Whether I’m moved to create imagery with written words or pictures, I always have a writing tool nearby. I keep pens in my purse, in my car, and by the phone. I have pencils in my studio, on the kitchen table, and next to my computer. I never know when the creative urge will strike, and I want to be ready just in case a spontaneous thought decides to erupt into a full blown drawing.
“Create”–Graphite and Colored Pencil
In order to create, I have to feel well, so I exercise every day, eat a vegetarian diet, and practice yoga. Lately, though, I’ve been bombarded by advertisements, infomercials, and well-meaning friends who assure me they’re selling the most miraculous ‘diet’,’health’, or ‘fix-all’ product on the market. As far as I know, there is no secret pill, shake, wrap, or drink that will result in optimum health, the perfect figure, or an incredible level of fitness. There is, however, a magic bullet. We all have access to it. It’s free, it has no side effects, and it contains three simple, safe ingredients: knowledge, action, and willpower. You want to be healthy and fit? Stop wasting your money on hollow promises made by unethical companies and empower yourself. Do your own research. Eat whole foods. Lay off the junk. Get off the couch. Get moving! Your health is in your hands. All you have to do is pull the trigger and see what that magic bullet inside of you can do. Salute!
“The Magic Bullet”–Watercolor–from my sketchbook
There is something almost magical about spending time in a museum or gallery. For me, the museum visit is a surreptitious look into an artist’s soul. I am a voyeur, sneaking a thrilling peak through a secret window. I approach the paintings quietly, respectfully, and study them with genuine regard. I take note of the subject, color choices, composition, and most importantly, the brush strokes. My mind is a thirsty sponge, soaking up inspiration as I study the length, direction, and weight of each stroke. I clasp my hands behind my back, resisting the temptation to ‘touch’, as all of my senses long to be engaged in the experience. These stops on my Artist’s Journey leave me eager to get home and pick up my own brushes to create a work that will hopefully, someday, be appreciated by someone else.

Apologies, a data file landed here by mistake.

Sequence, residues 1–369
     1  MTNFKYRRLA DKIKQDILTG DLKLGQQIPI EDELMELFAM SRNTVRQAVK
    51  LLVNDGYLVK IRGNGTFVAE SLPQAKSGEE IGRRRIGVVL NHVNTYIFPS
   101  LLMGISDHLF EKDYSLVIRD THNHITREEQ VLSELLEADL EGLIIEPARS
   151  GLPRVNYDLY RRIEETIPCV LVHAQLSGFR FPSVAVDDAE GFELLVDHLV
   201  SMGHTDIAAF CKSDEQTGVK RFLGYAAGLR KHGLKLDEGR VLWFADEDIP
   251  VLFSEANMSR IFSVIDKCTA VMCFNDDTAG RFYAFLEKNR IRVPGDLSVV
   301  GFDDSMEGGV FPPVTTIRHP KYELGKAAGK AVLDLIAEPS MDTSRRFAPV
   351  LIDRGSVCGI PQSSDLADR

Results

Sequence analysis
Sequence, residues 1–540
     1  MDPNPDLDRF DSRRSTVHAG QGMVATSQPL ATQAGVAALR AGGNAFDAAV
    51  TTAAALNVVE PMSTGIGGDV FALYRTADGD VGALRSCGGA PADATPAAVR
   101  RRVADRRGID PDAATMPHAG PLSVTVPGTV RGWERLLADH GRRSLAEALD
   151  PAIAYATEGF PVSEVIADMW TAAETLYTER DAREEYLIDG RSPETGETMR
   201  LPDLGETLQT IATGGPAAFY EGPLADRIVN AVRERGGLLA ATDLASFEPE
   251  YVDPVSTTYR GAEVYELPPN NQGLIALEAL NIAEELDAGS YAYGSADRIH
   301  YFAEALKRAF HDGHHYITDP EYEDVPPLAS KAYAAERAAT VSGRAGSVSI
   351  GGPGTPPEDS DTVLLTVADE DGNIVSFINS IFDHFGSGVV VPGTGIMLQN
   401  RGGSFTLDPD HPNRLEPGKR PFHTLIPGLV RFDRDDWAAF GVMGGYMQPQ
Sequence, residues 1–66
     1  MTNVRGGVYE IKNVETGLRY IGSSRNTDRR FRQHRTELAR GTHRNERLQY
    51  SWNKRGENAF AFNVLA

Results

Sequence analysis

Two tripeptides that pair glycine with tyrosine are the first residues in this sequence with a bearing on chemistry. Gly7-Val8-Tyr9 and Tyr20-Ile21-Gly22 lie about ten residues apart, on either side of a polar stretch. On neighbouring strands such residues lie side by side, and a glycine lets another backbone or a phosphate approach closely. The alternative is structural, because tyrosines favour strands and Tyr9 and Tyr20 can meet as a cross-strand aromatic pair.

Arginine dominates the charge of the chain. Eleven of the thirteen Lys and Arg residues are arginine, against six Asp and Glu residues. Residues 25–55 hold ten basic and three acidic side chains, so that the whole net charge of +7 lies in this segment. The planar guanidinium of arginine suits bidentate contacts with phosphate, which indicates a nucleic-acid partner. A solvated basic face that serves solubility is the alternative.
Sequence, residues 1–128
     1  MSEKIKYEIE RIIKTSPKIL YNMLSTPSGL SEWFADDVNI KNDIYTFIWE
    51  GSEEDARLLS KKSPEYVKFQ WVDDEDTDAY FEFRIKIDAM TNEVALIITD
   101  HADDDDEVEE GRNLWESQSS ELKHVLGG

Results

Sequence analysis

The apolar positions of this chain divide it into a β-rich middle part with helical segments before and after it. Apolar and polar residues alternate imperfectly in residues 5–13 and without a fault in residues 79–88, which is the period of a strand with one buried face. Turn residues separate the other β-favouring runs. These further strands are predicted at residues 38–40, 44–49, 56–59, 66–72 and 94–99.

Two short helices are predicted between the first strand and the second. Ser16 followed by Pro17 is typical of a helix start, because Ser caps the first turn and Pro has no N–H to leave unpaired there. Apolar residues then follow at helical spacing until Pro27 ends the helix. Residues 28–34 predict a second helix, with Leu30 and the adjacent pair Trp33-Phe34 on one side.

“Ready and Waiting”–Watercolor–from my sketchbook
If I were going to be stranded on a desert island and could only take one item with me, I would leave behind my beloved lip gloss and mascara, and grab my sketchbook. When I have access to my sketchbook, I can create. Whether it’s a doodle, sketch, or gesture, putting pen to paper makes time fly. I keep a sketchbook on the kitchen table, and one in my studio, but my favorite sketchbook is portable, fits in my tote bag, and accompanies me on all of my journeys–including any unplanned future trips to desert islands.
Today, my sketchbook is keeping me company in the airport. Crying babies, restless children, and angry travelers make for an interesting experience at the gate. I’m recording impatient people, uncomfortable chairs, luggage, and my own hand, which is always available for posing. We are facing long delays, but that’s okay. I won’t be bored. I have my sketchbook.
One-minute gestures from my sketchbook–Orlando International Airport
All too often, when I create, I find myself choosing unusual colors–pink turtles, blue dogs, an orange octopus, or bejeweled fish. This week, I decided to get real and try a more perceptual piece. Even though I limited my palette to earth tones, I did manage to sneak in a little metallic gold. Creating art is all about showing the world how you see things–and I see bright, vivid, sometimes unconventional, and often ‘metallic’ COLOR!
“Old Salt”–Acrylic on Birchwood